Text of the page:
Investor-State Arbitration and Human Rights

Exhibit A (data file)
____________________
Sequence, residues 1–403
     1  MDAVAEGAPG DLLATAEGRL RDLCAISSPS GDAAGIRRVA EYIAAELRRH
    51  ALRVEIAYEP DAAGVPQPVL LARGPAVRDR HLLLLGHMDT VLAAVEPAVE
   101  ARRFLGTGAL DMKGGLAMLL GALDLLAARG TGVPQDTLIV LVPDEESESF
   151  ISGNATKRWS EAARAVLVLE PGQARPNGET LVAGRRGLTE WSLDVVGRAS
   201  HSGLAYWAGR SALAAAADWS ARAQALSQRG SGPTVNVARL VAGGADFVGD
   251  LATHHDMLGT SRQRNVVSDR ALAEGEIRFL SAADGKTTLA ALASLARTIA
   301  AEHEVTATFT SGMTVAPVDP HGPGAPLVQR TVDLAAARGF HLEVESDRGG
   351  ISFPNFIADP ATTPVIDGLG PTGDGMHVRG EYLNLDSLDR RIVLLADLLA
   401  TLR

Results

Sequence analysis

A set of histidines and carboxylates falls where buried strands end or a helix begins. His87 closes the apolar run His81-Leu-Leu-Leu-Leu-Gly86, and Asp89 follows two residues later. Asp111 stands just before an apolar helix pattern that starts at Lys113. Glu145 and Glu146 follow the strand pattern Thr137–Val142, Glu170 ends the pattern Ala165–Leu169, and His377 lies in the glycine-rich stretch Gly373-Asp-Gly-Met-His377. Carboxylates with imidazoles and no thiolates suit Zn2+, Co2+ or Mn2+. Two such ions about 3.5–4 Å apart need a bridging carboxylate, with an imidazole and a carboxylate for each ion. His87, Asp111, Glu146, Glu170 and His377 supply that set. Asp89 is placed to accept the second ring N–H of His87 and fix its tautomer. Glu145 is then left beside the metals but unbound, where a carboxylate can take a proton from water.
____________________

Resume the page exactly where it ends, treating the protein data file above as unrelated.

After decades of growth and popularity, the international investor-state dispute settlement (ISDS) regime has come under intense criticism recently--particularly concerning the perceived chilling effect the regime imposes on states' ability to regulate in the public interest. This Article seeks to contextualize this criticism by examining the historical antecedent of ISDS in international law: the law of diplomatic protection. It proceeds to focus on the flexibility of ISDS as a critical advance over diplomatic protection, and shows how ISDS has evolved over time--particularly as developed states have moved from approaching the regime from a predominantly investment-exporting perspective to a more balanced perspective that accounts for inbound foreign investments. In concrete terms, the inherent flexibility of ISDS has permitted it increasingly to protect states' interests in regulating in the public interest, while at the same time protecting foreign investment against inappropriate governmental interference. The Article ultimately argues that the ISDS system should be permitted to continue to evolve to arrive at the appropriate equilibrium for its time.